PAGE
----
EASTHAM — A weird and difficult and rarely-touched-upon part of being a young queer person is that, often, you have to take on the role of educator.
Most obviously, there’s coming out: educating people about who you are. Then — and this is the really hard part — there’s teaching people what to do with that information. You find yourself educating the people who should be educating you: your teachers, your parents, your elders — the people, you fear, who are the least likely to understand you.
“It’s not fair at all,” AJ Beradi said.
Beradi, who is trans and uses both “he” and “they” pronouns, is a senior at Nauset Regional High School and a member of the school’s Gender and Sexuality Alliance — an updated spin on the acronym “GSA,” which used to stand for Gay and Straight Alliance.
In a time when “queer” means so much more than “gay” and when being an “ally” to the LGBTQ community is no longer a specialized, rarefied status, the old name seemed defunct to many members. Gender and Sexuality Alliance, on the other hand, seemed appropriately ambiguous. It’s a name that other groups around the country are adopting.
The state of Massachusetts now sponsors a Gender and Sexuality Alliance Leadership Council as part of its Safe School Program for LGBTQ Students. The council is planning a three-day leadership summit in August at UMass Amherst.
Jaiden van Bork, a junior who is the Nauset Alliance president, speaks about gender and sexuality with a grasp that is enviably deft. A trans woman, she rolls her eyes and makes a point about people who have “a typical experience with gender — if there is such a thing as a typical experience with gender.”
In recent years, the members of the group (there are about 10) say, the GSA at Nauset has taken on the job of educating those people who have more seemingly typical experiences with gender. They say this means teaching adults how they can best be supportive, what does and does not offend (“I can make jokes like that, but you can’t”), and even teaching them about queer history.
In practical terms, the GSA has been trying to educate teachers at Nauset about the importance of language: gender-neutral pronouns (including asking to have everyone put their pronouns in their Zoom display names), “deadnaming” (using the birth name of a transgender person), using “folks” and “parents” (as opposed to words like “ladies and gentlemen” and “mom and dad”), the fact that gender is a construct — and why they should care about all of this.
“A lot of transgender people — especially younger people, especially if they don’t have supportive home environments — are going through life in this world where they are having their identity challenged and invalidated at every turn,” said van Bork. “Not only is that terrible in terms of self-image, but it’s also not conducive to learning.”
In her view, “Anybody who cares not just about transgender people but about young people should really want to make even one part of teen life just a little bit less scary.”
In addition to educating individual teachers about shifting language paradigms, the GSA is pushing for more inclusive course content. They want to see more education about LGBTQ history, more art and literature by queer artists included in the classroom, and more queer- and trans-inclusive health education.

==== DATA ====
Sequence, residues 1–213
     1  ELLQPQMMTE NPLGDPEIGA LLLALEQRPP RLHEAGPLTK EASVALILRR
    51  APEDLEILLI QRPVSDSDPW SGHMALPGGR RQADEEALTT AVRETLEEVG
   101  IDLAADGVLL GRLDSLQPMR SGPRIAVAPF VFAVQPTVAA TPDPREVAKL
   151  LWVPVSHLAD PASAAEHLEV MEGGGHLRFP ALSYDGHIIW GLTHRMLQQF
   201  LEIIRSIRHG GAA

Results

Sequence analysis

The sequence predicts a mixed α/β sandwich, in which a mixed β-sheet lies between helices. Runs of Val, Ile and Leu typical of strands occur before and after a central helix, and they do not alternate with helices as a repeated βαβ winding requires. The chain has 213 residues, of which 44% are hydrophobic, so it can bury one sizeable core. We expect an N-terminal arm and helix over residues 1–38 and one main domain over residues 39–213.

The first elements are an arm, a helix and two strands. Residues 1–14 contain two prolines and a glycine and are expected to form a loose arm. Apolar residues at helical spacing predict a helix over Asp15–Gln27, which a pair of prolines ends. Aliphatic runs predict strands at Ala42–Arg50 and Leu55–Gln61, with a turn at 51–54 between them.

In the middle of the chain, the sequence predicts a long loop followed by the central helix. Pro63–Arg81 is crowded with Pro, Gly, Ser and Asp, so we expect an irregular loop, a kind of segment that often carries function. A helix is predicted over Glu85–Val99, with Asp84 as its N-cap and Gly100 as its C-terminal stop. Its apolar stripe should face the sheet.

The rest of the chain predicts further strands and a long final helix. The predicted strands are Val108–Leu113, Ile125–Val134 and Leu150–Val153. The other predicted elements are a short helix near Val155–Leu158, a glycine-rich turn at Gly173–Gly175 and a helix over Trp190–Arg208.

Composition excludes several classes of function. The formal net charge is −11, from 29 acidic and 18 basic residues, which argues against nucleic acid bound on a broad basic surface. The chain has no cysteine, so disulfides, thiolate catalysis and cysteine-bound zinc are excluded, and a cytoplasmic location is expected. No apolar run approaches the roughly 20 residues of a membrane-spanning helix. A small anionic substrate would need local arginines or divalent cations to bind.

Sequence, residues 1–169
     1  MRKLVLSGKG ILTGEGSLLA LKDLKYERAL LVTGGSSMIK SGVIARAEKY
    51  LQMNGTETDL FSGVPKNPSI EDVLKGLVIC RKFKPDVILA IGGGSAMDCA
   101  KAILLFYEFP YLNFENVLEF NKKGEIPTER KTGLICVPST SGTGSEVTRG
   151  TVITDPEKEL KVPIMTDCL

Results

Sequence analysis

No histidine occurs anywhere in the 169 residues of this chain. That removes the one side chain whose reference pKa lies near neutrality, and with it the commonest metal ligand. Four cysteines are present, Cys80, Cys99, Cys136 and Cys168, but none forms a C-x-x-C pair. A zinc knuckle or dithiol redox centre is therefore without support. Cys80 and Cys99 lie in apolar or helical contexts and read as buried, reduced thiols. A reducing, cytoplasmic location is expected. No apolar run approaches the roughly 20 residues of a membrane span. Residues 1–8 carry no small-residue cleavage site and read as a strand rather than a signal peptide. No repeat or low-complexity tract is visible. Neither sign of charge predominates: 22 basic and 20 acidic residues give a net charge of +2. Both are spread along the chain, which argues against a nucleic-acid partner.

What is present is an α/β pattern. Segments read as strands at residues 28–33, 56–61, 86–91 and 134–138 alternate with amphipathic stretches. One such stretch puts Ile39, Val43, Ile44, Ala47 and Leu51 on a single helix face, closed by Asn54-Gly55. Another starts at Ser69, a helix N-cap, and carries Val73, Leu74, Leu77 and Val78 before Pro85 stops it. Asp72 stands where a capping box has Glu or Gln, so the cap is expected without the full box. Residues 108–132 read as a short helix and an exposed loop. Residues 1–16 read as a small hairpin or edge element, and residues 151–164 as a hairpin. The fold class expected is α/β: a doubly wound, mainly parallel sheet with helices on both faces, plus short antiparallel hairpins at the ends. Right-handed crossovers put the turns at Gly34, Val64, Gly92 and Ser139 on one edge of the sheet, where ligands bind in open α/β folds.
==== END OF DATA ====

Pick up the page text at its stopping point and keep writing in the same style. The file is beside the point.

“I know first-hand what it’s like to have students in history and government classes talking about your rights in front of you,” Beradi said, “debating whether or not you get to have them.”
Since a positive curriculum about LGBTQ people is right now mostly absent from schools — including Nauset — these queer teens say they end up turning to the internet to learn about themselves. For Beradi, YouTube was one of the main ways they went “about figuring everything out for myself. Queer history or identity wasn’t something I was taught. It was something I had to go get myself.”
Those Beradi learned the most from, they said, include Kat Blaque, Miles McKenna, and Contrapoints. Contrapoints is the screen name of Natalie Wynn, a trans woman who dropped out of Northwestern’s Ph.D. program in philosophy, calling it “a guided tour of history’s most boring homosexuals.” Wynn uploads intellectually dense videos that draw on the work of queer theorists such as Michel Foucault and Judith Butler.
Beradi joined the GSA as a way to share that learning with classmates, teachers, and parents.
GSA members’ sense that their role — students educating their teachers — doesn’t seem fair hasn’t stopped them from believing things will change and from taking the long view.
“As much as it’s stuff I’m very passionate about and committed to fighting for, I do think it’s unfortunate that this has to come from the bottom up rather than the top down,” van Bork said.
She imagined what it would look like for administrators at Nauset to take it upon themselves to hold sessions for faculty about gender and sexuality, or for teachers themselves to slot LGBTQ history and culture into the curriculum, rather than students having to ask them to do so.
“All that being said,” van Bork said emphatically, “I think that’s how society progresses. A lot of change happens when the older generation listens to the younger generation. And that’s exactly what the GSA is up to.”